What’s new in Xcode 7
There are so many new things to talk about in Xcode 7, I have chosen a few that I feel are notable to every day usage by iOS and OS X developers.
New Developer Program
First the big thing to mention, everybody can now test on their devices not just people on the Apple Developer Program. All you need is an Apple ID to download Xcode, plugin your device and deploy to any platform.
If you do have a paid Apple Developer Membership then you now pay one fee to access all the programs, meaning iOS developers now get access to OS X and vice versa. There are still reasons to be a paid member by the way including the newly revamped forums.
Whilst not strictly Xcode related Apple did mention that 64bit application submission will be mandatory starting with iOS 9, currently you are required to supply a 32 and 64bit version.
The Apple Watch simulator is a full simulation of the watchOS and can run along side the standard iPhone/Pad simulator so you can debug both platforms at the same time and even the connection between the watch and iPhone, truly a big step forward. You also have the ability to layout watch screen designs and complications since you can now also create 3rd party complications for watchOS 2.
Instruments has a new tool that can show power usage so you can monitor how your app will effect battery and power usage over time, something everyone should be thinking about especially for watchOS apps.
There is a Swift 2 migration tool that will kick in anytime you open a Swift 1.x project, I have tried it a few times and it works well. Not only does it migrate the code but also shows you what it is about to change and explain why so it makes for a great Swift 2 learning tool.
Asset management now supports the use of tags and these are important especially if you plan to use the new on demand content optimization system as you use the tags to ‘bundle’ assets together into packages for download as needed (and removal).
New Optimization Systems
Which delivers to a device only the parts of an application needed for that device, for example 3x and 2x assets would be downloaded on the supporting devices. This reduces the file size for download and storage whilst providing optimized code for the device.
When you archive your app for submission to the App Store, Xcode will compile your app into an intermediate representation. The App Store will then compile the bitcode down into the 64 or 32 bit executables as necessary.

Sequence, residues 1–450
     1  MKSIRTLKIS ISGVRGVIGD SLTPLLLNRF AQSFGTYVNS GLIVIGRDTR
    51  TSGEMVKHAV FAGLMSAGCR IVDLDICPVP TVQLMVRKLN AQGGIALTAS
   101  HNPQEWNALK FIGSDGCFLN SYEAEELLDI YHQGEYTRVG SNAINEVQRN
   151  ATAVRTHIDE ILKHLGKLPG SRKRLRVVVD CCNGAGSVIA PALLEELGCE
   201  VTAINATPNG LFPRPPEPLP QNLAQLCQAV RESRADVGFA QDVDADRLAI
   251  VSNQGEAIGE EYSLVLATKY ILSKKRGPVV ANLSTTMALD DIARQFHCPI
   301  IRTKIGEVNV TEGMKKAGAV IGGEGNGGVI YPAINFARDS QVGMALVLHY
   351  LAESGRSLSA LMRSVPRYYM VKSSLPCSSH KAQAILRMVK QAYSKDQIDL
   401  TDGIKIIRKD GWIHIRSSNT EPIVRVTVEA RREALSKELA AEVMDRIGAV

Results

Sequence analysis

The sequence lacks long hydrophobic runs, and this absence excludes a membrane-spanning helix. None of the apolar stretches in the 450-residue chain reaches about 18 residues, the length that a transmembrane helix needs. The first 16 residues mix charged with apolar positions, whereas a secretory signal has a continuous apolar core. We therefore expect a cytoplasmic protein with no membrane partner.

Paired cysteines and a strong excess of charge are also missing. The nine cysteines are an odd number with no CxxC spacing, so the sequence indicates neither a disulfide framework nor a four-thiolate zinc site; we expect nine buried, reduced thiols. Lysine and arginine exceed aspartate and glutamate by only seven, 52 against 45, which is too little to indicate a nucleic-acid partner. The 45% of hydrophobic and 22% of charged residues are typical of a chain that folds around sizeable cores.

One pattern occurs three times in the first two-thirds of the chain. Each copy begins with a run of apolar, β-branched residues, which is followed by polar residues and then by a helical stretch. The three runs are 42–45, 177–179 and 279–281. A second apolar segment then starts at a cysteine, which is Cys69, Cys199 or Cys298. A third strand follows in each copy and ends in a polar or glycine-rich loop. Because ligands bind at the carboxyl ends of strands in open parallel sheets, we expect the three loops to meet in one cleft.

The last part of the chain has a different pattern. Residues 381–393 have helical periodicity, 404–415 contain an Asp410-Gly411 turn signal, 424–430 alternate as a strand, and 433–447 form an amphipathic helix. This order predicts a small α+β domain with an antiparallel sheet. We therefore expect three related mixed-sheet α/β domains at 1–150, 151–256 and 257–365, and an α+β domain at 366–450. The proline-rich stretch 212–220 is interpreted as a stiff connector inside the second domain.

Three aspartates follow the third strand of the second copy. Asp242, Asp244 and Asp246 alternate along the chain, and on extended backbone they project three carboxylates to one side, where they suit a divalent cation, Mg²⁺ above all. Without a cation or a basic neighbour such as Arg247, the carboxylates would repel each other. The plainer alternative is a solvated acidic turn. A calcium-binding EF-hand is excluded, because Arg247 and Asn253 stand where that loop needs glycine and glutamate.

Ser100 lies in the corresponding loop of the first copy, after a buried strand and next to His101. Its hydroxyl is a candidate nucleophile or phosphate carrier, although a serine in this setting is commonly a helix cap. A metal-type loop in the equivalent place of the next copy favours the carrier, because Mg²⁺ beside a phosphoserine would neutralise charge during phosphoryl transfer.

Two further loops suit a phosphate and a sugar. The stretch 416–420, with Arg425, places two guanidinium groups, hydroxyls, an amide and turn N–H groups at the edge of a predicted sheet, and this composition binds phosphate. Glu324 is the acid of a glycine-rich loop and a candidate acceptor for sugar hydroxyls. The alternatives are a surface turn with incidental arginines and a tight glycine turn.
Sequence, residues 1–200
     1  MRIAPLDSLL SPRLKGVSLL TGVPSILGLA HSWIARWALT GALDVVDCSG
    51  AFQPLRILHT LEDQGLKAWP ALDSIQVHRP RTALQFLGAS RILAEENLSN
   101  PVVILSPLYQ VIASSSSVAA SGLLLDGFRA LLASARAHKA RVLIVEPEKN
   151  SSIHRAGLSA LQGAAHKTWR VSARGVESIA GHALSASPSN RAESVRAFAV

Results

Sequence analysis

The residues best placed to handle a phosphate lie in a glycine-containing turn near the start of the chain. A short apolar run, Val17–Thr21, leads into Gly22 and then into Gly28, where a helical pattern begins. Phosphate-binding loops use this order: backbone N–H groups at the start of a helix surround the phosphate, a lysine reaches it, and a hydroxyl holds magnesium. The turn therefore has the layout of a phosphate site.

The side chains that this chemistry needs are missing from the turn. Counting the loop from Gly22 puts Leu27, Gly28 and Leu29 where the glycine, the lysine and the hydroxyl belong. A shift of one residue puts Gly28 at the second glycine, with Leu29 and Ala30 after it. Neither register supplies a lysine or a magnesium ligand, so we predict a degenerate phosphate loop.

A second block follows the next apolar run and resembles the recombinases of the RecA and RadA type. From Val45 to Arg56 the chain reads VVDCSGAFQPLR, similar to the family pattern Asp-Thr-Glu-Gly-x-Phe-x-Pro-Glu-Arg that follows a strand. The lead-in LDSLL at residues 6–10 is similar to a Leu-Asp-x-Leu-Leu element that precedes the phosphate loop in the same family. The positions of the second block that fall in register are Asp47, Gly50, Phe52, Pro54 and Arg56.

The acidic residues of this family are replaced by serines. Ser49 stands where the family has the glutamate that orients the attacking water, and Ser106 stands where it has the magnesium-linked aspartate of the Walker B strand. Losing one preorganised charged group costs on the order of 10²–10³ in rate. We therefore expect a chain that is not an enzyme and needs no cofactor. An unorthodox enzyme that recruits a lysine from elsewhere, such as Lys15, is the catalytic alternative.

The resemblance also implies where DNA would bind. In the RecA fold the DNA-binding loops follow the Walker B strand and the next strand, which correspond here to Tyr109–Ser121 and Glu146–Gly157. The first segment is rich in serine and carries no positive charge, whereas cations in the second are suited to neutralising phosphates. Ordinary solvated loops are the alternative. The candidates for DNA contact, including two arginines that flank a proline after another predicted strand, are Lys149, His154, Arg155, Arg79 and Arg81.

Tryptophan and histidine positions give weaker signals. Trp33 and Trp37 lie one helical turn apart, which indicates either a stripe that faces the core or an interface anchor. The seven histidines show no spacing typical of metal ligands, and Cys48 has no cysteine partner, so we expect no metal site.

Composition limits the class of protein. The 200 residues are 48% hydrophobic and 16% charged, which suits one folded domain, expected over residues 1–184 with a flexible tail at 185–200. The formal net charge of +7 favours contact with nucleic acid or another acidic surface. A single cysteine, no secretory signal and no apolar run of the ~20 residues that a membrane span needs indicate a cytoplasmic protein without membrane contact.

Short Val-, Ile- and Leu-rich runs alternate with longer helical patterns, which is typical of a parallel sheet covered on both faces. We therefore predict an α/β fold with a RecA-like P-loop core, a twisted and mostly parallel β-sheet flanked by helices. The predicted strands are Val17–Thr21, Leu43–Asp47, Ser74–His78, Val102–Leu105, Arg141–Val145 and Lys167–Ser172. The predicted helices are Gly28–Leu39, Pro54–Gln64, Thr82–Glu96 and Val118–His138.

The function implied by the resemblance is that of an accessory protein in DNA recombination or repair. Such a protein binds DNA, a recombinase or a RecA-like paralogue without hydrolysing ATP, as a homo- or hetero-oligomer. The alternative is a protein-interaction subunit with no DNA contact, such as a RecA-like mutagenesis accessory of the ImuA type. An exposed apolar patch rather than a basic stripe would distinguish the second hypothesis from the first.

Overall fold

On Demand Content
This system is designed to deliver assets as needed rather than requiring the storage of an entire application at once. For example, a game downloads level 1 which you complete so it then downloads level 2. Also the reverse happens and in this scenario you could mark level 1 for deletion from the system to recover space.
On Demand Content can be simulated whilst testing on a device, when you have your device connected to a Mac the Mac will stream the content to the device simulating the download, great for checking any potential network issues causing bad scenarios for your apps.
This is a great new addition, your application UI can now be tested automatically, the best way to describe this is you interact with your application and Xcode records those actions in the code equivalent of a video which you then play back and test the UI, this is a big deal and everyone should try it out. Much more to come on this for sure.
Reports generated by the UI Testing will include screenshots so you can see what was happening at that time and how it looked.
The UI Testing works for both Swift and Objective-C code, a great job from Apple on this one.
Has this happened to you? You find yourself staring at a huge storyboard covered with view controller layouts wishing you could focus only on the ones you want to work on?
Now you can! Storyboards can be grouped together and put in a separate storyboard file with a main one linking to them. This is a great addition and sure to help you focus on what you care about as you layout designs.
Storyboards will now show more live rendering of effects like blur, this gives a greater understanding of how visual effects will appear in your applications.
Code Coverage for testing
There is a new addition to your code view that can show when and where your code was called and will even show you code that never gets called … because we have all written functions that get forgotten and left behind to just clutter up the beauty of a clean viewController right?
There is now the ability to add rich content comments rather than //just text notes.
Results are shown inline right there with your code instead of having it appear some what disassociated on the right side, great for those big screens we all love.
There is a new feature called ‘Pages’ that allows you to create content over multiple pages. The best way I can think to describe it is to think of an interactive manual where each page could be a separate collection of related code testing out an idea isolated from the rest. This is perfect for those teaching to others!
These are just a few of the major highlights, greater deep dives to come in the future for us all I am sure, I just wanted to get you excited about some of the new features to help us make even better and reliable apps.
You can Download Xcode 7 Beta from Apple